Domination through Documentation Part 2: The Saga Continues

Introduction

We recently shipped an updated documentation site in the quiet of night. This week, we want to break the silence and let you know the essentials: What we did (lots), and why we did it (to make it better). Here’s our changelog of new things to look out for in the docs.

Adding versions

We kicked off our updates by deciding to remodel our client SDKs. This requires supporting docs for both the current versions of the SDKs as well as the remodeled versions which were in the works: iOS v4 and Android v2 client SDKs, currently in beta. We realized that the new version system would give us the opportunity to rethink the architecture of our documentation.

SDK drop-down UX

In our usability studies we found that users went straight into the content and often missed our global SDK picker.

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Considering the docs now need to support multiple SDK versions, it made sense to relocate this essential piece of UI from the global header to something more local. The SDK selectors and the options are now contextual and related to the way the content in each page is scoped: client, server-side, or agnostic.

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Improved reading experience

In addition to the larger layout changes affected by the SDK drop down, we took steps to improve the overall reading experience of the docs. The sidebar navigation has been moved off fully to the left so that the docs are much easier to read, and parse at-a-glance. We’ve made typographic changes to make headings and section dividers clearer, and we’ve switched up our code snippet theme so the reading experience is more seamless.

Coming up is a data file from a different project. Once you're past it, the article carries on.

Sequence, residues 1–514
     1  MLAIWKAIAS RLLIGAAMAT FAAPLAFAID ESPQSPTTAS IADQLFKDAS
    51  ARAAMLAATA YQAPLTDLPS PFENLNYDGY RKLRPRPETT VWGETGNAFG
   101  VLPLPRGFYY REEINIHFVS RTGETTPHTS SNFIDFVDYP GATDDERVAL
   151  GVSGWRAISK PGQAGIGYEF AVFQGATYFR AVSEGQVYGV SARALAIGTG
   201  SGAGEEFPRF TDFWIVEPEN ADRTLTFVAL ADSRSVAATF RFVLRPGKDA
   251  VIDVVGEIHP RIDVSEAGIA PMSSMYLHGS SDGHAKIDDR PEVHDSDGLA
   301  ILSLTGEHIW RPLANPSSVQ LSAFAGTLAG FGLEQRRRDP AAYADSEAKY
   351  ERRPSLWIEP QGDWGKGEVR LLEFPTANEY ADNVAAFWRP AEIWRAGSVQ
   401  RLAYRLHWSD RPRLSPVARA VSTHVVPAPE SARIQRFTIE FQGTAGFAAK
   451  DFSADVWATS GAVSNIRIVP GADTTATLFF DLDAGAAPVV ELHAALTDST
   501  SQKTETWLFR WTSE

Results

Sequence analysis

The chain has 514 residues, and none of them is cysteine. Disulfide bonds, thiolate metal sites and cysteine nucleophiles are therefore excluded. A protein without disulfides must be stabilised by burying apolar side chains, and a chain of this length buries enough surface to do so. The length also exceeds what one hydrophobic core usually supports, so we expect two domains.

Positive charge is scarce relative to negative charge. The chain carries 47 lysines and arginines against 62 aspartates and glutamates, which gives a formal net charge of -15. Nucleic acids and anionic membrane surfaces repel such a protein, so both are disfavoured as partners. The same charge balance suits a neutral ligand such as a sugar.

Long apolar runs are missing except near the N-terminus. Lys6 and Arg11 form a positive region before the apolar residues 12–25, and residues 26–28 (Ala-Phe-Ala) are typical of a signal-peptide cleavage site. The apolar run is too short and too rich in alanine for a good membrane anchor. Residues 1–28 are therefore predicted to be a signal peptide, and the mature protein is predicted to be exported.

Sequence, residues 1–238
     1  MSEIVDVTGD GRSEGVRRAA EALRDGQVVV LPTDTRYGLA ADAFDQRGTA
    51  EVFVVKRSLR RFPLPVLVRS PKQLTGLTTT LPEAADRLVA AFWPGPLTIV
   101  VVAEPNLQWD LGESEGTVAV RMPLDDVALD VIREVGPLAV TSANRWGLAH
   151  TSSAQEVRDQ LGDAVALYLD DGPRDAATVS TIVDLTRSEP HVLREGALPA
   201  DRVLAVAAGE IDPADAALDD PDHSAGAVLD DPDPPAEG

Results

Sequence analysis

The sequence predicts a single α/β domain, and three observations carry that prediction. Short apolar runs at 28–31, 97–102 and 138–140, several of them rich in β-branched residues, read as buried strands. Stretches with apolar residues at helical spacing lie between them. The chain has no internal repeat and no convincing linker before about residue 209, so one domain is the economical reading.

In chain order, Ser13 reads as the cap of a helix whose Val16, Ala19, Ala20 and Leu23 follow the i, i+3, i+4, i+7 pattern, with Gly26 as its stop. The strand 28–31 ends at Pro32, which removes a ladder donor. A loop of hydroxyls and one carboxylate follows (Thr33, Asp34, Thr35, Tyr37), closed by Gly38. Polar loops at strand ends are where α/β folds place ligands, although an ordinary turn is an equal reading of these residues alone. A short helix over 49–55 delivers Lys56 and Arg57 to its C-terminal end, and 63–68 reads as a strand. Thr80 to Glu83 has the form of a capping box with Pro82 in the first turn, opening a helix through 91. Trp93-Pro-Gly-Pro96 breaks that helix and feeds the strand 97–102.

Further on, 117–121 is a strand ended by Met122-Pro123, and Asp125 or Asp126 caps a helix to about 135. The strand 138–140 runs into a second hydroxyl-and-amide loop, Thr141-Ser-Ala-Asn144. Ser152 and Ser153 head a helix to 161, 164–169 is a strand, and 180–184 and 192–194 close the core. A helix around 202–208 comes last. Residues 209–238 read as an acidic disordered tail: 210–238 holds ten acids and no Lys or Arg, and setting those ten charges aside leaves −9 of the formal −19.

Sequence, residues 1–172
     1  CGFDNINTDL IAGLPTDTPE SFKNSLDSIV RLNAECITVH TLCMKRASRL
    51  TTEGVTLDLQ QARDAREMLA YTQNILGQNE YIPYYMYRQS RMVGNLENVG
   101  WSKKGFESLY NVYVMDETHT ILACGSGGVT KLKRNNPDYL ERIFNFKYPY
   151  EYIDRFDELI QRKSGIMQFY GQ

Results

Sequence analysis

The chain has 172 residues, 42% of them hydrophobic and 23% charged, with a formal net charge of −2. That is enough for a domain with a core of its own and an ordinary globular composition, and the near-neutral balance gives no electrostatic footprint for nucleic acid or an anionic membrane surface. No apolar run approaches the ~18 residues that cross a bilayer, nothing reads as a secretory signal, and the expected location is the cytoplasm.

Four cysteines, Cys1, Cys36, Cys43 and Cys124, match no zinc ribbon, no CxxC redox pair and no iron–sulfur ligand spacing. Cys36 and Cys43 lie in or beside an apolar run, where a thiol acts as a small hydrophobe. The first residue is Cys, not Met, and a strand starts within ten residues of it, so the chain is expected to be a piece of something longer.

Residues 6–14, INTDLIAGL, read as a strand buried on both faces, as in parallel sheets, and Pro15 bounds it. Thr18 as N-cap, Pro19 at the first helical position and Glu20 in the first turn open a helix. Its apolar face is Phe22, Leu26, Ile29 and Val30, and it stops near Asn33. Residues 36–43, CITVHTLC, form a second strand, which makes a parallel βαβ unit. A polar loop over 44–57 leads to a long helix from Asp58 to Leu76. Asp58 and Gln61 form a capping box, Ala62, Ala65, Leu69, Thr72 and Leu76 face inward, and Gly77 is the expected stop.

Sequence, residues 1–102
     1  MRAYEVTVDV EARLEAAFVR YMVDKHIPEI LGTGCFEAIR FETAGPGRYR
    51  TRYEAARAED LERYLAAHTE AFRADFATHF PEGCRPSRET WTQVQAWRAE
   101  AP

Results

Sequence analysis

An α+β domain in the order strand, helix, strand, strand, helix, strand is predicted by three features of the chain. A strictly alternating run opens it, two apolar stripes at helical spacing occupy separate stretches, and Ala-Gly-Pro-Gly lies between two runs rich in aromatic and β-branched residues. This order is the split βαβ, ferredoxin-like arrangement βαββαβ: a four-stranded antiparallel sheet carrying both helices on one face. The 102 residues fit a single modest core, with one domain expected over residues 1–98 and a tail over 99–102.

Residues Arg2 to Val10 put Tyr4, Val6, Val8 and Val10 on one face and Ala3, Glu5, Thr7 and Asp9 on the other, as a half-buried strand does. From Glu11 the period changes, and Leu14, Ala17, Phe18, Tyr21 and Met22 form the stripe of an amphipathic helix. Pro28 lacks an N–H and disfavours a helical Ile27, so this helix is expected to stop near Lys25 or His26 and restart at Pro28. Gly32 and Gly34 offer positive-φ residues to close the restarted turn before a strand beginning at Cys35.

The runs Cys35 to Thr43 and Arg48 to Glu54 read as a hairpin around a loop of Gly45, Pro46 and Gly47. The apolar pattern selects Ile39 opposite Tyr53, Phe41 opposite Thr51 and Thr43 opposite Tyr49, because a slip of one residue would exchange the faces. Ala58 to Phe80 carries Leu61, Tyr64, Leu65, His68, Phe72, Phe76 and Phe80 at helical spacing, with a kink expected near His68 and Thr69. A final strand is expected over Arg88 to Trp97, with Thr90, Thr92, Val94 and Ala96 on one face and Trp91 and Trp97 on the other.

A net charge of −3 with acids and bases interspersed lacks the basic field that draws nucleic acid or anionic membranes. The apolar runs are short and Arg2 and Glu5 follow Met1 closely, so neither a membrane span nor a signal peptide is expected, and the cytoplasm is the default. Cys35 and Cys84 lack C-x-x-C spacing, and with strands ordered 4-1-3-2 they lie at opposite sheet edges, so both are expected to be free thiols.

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Better URLs

Improving readability doesn’t stop at the content. Considering the addition of versioned docs and more contextual SDK presentation, it made sense to re-think our URL structure. Since our approach to documentation is feature-first -- meaning we filter our content by feature > SDK > version -- we could easily port that structure over. A URL like /guides/apple-pay/client-side/ios/v4 lets you know precisely where you are in the guides and the content you should expect; overall, the URLs are much more readable and shareable.

Technical stuff

To implement many of these changes, we needed to lift the hood of our docs application and take a look inside. This was an opportunity to isolate good, re-usable code; remove irrelevant code; take care of any tech debt we have acquired; and implement a new, efficient request pipeline. For the request pipeline, we stuck with express.js because it’s quick and we like it. We added Front-matter blocks to the content markdown files to separate our content for the contextual SDK selection, and help extend the metadata available for any page.

---
platform: client  
title: Client-Side Implementation  
---

Things we’re still working on

Our documentation site is cleaner inside and out, but we’re not done improving it, by far. Watch this space for updates that include language support for Swift, more UI enhancements, and clearer content structures.

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Shannon Miwa & Matt Vaznaian Matt Vaznaian is a developer and Shannon Miwa is a designer. This blog post will connect them forever. More posts by this author

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